HALLOWEEN is the worst example of the slasher film. Yes, you read that right. The worst. In a sub-genre known for violent and gory set-pieces, gratuitous nudity and a distinct lack of visual style, HALLOWEEN sticks out like a sore thumb. That it helped to give birth to the most derivative, crass, and uninteresting sub-genre in the history of sub-genres is slightly baffling and most definitely unfortunate. Too often HALLOWEEN gets lumped into the mix with the rest of them, rubbing shoulders with films like THE NAILGUN MASSACRE, NEW YEARS' EVIL, and THE SLAYER, or it simply gets slammed for unleashing a tremendous wave of low-quality, high-trash imitators. HALLOWEEN may have started the big, dumb ball rolling downhill but it was through no fault of its own. Its most immediate imitator, Sean Cunningham’s FRIDAY THE 13TH, is the perfect example of a done for money, no-brains, all-guts slasher film that managed to ape the structure of HALLOWEEN but not its style. While HALLOWEEN is a very visual film, FRIDAY THE 13TH is much more visceral. While Carpenter took care in his construction, Cunningham simply pointed the camera. And while HALLOWEEN took the horror genre into the rarefied area of art, FRIDAY THE 13TH took it to the city dump.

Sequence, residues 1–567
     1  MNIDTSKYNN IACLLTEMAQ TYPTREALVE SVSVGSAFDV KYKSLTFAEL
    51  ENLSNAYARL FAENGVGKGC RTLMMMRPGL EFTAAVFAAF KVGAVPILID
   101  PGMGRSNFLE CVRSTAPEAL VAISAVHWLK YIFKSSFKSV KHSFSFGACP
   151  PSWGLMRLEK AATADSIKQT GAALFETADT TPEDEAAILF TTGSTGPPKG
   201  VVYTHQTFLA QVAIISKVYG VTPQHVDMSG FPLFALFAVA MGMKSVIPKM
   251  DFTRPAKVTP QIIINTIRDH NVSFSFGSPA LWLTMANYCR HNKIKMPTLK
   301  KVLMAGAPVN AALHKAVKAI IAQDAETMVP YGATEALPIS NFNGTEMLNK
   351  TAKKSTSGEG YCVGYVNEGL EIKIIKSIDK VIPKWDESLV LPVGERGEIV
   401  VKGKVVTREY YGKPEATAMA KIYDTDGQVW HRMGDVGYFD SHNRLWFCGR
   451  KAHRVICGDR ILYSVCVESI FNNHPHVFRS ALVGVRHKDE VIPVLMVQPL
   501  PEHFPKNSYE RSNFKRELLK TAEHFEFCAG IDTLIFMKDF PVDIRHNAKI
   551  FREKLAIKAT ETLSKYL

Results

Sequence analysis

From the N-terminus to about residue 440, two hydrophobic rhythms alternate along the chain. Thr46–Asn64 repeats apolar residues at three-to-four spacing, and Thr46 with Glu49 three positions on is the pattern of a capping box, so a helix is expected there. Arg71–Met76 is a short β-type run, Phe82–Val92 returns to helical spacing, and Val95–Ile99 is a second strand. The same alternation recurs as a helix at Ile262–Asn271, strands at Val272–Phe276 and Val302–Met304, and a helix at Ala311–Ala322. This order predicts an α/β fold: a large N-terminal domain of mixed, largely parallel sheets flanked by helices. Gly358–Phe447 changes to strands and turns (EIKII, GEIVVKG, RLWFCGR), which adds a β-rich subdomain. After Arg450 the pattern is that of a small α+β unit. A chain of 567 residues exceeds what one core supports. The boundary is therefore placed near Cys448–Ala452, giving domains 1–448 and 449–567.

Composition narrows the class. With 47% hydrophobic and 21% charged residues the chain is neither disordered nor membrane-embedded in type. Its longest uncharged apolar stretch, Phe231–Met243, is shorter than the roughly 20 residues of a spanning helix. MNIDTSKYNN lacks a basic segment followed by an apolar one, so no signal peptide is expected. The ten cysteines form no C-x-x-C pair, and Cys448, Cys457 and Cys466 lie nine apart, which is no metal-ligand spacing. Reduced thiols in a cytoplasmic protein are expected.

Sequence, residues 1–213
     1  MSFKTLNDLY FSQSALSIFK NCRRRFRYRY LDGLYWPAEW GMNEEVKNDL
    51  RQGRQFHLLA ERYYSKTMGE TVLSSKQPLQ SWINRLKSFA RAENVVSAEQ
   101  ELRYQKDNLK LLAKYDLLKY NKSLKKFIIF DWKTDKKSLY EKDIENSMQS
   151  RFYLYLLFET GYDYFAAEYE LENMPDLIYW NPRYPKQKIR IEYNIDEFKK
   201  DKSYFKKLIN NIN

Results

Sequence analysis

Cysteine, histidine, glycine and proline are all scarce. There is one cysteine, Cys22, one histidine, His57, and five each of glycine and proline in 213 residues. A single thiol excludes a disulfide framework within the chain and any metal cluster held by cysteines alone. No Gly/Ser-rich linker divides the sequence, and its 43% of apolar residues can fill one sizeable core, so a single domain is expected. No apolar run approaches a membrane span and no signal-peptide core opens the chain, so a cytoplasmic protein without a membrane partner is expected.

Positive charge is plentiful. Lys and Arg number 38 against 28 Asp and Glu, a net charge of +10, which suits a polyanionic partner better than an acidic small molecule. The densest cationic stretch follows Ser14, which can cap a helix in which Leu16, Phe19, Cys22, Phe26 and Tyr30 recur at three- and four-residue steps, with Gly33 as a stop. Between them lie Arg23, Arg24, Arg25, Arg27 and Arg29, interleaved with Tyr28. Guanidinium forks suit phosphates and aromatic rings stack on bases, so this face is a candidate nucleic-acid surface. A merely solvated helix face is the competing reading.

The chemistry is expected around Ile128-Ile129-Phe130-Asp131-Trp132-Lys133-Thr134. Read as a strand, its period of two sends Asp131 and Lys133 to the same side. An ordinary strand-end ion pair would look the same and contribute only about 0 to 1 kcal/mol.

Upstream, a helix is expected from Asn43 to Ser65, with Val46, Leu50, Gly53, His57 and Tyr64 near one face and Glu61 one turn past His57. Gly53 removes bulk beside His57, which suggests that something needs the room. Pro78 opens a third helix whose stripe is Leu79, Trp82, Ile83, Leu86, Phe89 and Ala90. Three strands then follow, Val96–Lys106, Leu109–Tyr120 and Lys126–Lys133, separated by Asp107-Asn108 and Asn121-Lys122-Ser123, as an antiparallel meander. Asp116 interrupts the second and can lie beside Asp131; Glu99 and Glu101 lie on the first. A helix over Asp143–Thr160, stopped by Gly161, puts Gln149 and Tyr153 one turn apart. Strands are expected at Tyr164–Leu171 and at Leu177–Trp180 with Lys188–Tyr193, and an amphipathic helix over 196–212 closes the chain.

In truth, though HALLOWEEN came first and screenwriter Victor Miller used the John Carpenter / Debra Hill screenplay as a guideline, FRIDAY THE 13TH is the true father of the 80s slasher film. HALLOWEEN is too visually sophisticated, too interested in atmosphere and the slow burn of suspense, to be easily imitated. FRIDAY THE 13TH, however, is the exact opposite. It’s a cheap gimmick, run over and over, in which cardboard characters are set up like nine-pins to be bowled over in increasingly gruesome murder sequences. It feels cheap and looks cheap, with its flat, uninspired setting and cast of less than talented nobodies, but it proved to be a good business model. Once the film hit it big in the theaters, producers quickly dialed in more of the same. During the next ten years, dozens of like-minded films poured into theaters, turning a sub-genre that started in greatness with HALLOWEEN and BLACK CHRISTMAS, with tendrils reaching even further back to PSYCHO and PEEPING TOM, into an embarrassing red splotch on the face of a genre that few respected to begin with. If horror was ghettoized before HALLOWEEN, by the end of the 80s it was roundly loathed.